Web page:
CD: Alright, we’ll go… (laugh) No, I can’t. Alright, we’ll do this one. Spokane, my first professional season, half a season. Whatever. We’re playing in Vancouver. And I was like… I was drafted as a first baseman, and they put me in left field. Which is probably the worst thing they could have ever done. Because I am a terrible outfielder. I played a little bit of right back in the day, like 10-year-old all-stars, you know? But like never left field, which I think is the hardest position in the outfield to play. So, we’re playing left field in Vancouver, which is just basically like a party every game. Like, everybody just has a great time. Like, real good fans. Like, they’re always into the game. Well, I dropped a crucial fly ball late in the game. And, they wore me out. They were chanting ’19,’ which was my number in Spokane the whole time. The next day, I walked to the field, or got to the field. We had a 10 o’clock start, really early. And I didn’t get back from the night before ’til about seven o’clock. Well, the vans left at seven thirty. So, I basically showered, grabbed my stuff, and got on the van. Was in no shape to play. Just completely out of it. And, our manager walks up to me and is like, ‘Are you alright? Are you feeling OK?’ And I’m like, ‘I feel alright.’ He was like, ‘Well, you need to suck it up. Because you’re going out there today.’ And he was like, ‘I’m not going to let you get off easy.’ And I’m like, ‘Alright, here we go.’ So, I go up there first at-bat. And for some particular reason this day, they felt the need to hit everything to left field. And I made some catches that I probably shouldn’t of made. But, first at-bat, first pitch, I’m just like (firetruck) it. I’m just going to swing. Who cares. Doesn’t matter. First at-bat, first pitch, tater. And this is Vancouver, which is not the easiest park to hit a home run in. Tater to right field. I’m like, ‘Alright, cool. One for one.’ I’m like good. Come up next at-bat, I’m like alright, ‘Cool.’ See a couple pitches. Like fourth pitch of the at-bat, tater! I’m like, ‘Oh, (excrement).’ Another home run. Like, I’ve hit two home runs today. My day is set. You know, we’re up by, like eight runs. It’s like the fourth of fifth inning. I’m like, ‘We’re golden.’ Third at-bat, they bring in this lefty, who has apparently done really well against lefties the whole season. And I’ve always hit lefties well. But this particular day, I was not feeling too confident against this guy. You know, threw low 90’s, good slider. Good pitcher. First pitch, change-up, low and away. Tater to center field. So, I’m like jogging around the bases. I’m like, ‘This is the greatest day of my life.’ Like, I’m three for three with three home runs. So, I go up there the last at-bat, and everybody’s cheering for me. All the fans are, like, standing up, clapping. I absolutely drive a pitch to right field. The right fielder like goes back, puts his arm on the wall, and looks up. And I’m like, ‘Oh my gosh.’ Like four for four with four home runs. Reaches up and catches it against the wall. The crowd gave me like a standing ovation. They gave me like 75 bucks, or a 100 bucks, or something. Because nobody had done it in like 75 years there. So, that was one of like, probably one of the craziest games ever. But, our manager, who will remain nameless, walks up to me after the game, and he’s like, ‘Don’t ever pull that (poop) again.’ Like you know, ‘You played a great game. But don’t ever do that again.’ I’m like, ‘Alright, (firetruck) it.’ Cool, whatever.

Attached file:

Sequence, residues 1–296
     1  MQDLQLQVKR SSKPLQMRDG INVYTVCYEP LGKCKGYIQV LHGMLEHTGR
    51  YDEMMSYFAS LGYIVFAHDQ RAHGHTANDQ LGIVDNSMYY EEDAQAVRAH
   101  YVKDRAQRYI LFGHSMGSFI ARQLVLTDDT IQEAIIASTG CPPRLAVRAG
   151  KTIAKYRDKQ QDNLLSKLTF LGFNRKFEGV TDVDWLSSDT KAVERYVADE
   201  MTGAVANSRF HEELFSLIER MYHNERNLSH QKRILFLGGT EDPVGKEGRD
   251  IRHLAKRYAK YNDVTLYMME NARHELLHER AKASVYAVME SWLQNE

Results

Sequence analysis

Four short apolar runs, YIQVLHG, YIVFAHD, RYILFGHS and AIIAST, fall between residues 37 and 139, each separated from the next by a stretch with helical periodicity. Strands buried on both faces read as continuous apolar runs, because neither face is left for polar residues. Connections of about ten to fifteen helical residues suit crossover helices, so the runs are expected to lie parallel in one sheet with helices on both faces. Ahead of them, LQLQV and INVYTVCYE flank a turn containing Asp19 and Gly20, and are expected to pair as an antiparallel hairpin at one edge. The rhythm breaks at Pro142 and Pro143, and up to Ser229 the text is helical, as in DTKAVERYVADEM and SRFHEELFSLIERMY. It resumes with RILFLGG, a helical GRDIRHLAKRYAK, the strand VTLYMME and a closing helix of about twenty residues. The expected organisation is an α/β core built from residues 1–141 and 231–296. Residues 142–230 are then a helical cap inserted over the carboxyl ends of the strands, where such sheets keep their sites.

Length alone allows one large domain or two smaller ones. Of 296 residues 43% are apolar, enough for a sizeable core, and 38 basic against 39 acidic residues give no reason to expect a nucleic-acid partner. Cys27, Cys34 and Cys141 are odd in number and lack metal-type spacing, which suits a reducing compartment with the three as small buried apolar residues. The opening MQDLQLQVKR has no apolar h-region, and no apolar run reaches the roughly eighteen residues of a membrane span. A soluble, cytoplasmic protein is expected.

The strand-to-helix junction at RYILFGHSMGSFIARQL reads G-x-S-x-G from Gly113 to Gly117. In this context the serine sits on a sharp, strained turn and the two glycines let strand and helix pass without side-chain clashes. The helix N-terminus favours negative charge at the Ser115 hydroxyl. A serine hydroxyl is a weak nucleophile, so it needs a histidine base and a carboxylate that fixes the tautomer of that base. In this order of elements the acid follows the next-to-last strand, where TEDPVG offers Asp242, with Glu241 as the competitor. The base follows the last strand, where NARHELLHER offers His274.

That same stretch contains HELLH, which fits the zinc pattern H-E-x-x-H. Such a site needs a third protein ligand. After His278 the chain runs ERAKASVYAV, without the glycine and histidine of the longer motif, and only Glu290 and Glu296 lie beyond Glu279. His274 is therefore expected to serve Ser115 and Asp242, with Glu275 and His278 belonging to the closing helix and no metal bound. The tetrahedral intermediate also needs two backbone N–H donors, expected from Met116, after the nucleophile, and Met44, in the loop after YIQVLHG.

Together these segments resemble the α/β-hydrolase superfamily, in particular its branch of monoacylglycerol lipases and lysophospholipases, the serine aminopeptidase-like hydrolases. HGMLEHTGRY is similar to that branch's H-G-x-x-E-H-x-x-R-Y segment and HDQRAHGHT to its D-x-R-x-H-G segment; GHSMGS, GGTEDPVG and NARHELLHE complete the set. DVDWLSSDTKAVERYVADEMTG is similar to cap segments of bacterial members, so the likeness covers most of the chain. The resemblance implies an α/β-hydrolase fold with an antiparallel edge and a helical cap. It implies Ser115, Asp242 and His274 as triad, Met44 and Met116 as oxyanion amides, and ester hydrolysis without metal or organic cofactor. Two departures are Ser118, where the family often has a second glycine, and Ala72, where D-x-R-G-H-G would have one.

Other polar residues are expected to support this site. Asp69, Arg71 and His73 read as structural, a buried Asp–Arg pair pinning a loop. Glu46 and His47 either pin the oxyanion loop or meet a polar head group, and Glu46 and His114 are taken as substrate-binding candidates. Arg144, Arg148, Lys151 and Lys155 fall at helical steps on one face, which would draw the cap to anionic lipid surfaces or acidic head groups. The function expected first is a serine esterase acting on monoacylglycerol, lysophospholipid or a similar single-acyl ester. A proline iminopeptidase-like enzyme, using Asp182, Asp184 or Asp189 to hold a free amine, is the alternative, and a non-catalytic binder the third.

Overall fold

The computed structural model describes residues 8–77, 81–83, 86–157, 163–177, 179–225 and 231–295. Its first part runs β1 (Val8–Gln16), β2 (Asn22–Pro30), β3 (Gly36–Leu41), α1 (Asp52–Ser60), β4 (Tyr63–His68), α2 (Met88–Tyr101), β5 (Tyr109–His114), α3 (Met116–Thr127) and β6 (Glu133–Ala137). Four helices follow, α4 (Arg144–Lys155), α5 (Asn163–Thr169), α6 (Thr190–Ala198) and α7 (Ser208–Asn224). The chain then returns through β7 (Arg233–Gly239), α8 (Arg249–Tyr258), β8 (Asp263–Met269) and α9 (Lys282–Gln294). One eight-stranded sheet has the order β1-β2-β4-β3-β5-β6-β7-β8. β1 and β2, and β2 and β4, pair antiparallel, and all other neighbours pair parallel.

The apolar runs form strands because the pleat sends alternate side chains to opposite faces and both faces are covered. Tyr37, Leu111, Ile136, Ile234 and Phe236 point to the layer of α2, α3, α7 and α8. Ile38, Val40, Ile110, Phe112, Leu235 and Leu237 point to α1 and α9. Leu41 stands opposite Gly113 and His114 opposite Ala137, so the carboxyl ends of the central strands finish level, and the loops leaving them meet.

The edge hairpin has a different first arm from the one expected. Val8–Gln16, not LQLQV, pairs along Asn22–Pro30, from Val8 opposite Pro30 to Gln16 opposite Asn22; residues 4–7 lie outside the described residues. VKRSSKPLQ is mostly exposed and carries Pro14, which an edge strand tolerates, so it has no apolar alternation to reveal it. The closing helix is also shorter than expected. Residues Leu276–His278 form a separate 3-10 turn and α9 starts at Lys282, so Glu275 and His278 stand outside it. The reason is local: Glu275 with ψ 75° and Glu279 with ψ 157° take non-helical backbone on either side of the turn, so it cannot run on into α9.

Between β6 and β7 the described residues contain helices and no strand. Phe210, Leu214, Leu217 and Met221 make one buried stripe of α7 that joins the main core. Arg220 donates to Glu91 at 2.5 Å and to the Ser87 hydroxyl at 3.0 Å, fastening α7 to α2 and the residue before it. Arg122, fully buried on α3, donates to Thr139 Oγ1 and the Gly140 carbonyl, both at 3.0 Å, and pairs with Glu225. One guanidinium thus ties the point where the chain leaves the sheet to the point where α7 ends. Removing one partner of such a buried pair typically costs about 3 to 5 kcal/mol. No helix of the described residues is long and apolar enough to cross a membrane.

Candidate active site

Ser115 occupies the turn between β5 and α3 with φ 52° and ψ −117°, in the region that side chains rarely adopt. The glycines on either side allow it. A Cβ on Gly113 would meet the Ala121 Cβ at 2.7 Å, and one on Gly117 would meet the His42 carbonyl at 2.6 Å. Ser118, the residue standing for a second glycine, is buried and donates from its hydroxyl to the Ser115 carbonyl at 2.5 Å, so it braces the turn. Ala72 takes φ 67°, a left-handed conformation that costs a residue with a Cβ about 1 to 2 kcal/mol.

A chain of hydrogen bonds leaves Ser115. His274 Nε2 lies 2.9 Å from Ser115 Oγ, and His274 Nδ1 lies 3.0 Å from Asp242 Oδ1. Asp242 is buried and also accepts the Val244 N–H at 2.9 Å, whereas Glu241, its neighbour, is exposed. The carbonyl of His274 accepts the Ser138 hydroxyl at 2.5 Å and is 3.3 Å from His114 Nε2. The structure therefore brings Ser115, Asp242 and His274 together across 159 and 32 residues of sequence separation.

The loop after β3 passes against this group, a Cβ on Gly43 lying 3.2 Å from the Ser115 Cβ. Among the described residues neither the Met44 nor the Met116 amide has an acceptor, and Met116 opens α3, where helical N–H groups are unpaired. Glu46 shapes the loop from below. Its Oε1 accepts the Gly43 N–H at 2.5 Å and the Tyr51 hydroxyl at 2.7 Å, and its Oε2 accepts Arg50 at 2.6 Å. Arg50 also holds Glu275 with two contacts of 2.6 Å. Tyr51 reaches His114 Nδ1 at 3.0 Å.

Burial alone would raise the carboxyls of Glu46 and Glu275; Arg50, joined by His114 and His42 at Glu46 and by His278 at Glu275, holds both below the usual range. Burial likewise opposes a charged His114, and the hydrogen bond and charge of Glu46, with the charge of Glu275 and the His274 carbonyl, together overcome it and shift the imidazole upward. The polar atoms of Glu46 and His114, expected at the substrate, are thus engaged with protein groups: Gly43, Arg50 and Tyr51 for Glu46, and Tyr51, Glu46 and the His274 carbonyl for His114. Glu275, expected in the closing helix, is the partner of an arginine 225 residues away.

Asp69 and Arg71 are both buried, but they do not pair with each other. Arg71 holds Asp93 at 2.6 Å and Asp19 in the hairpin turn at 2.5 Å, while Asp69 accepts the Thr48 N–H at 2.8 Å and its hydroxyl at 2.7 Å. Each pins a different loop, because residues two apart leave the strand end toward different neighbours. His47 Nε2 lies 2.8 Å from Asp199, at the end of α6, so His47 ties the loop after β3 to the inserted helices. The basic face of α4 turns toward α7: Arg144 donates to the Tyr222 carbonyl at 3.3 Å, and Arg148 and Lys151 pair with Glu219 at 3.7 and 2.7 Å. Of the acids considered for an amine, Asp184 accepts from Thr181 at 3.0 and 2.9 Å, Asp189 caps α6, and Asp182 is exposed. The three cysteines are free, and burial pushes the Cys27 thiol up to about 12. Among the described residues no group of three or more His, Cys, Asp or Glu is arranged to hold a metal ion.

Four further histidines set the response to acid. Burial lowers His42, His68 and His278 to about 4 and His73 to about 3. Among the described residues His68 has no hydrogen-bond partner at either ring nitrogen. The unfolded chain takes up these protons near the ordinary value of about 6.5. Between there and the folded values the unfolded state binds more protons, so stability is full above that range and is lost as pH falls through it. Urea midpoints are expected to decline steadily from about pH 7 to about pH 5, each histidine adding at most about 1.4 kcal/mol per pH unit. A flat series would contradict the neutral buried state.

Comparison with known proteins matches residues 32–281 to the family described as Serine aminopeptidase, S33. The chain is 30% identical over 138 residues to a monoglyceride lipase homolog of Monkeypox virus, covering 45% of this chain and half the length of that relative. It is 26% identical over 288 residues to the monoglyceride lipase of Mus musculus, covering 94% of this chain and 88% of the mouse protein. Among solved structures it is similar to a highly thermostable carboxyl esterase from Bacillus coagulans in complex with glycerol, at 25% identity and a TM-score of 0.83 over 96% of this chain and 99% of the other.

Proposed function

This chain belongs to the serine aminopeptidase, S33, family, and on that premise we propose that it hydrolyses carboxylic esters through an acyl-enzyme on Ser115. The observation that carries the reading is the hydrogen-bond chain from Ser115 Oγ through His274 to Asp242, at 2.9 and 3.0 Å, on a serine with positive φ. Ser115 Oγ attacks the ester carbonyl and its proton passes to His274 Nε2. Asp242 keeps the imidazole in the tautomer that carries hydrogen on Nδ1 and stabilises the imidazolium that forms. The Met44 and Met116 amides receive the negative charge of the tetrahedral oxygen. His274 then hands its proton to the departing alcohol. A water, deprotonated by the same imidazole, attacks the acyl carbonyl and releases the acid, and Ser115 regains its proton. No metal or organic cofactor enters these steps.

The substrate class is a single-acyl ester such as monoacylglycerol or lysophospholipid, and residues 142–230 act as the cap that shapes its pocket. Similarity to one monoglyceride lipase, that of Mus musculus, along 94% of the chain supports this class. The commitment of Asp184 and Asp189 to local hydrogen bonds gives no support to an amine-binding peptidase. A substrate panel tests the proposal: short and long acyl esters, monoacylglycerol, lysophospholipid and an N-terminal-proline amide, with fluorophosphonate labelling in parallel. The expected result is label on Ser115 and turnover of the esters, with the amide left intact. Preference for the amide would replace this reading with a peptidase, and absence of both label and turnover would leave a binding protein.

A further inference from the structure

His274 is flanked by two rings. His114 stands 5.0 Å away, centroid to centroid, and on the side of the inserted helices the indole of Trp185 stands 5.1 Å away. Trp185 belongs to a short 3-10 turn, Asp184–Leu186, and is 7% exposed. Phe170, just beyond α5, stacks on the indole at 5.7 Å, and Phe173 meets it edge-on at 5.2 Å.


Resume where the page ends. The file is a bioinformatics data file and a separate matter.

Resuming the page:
BV: I think… And you know, not to condone any kind of behavior like that, but I think we need to do that more often as baseball players. (A little bit of a contradiction there, granted) One time, I came to a game. And our clubbie had a breathalyzer. I blew a .(make up a number) before the game.
BV: Came in. Five pitch save. Sorry bout it. How ya doin’?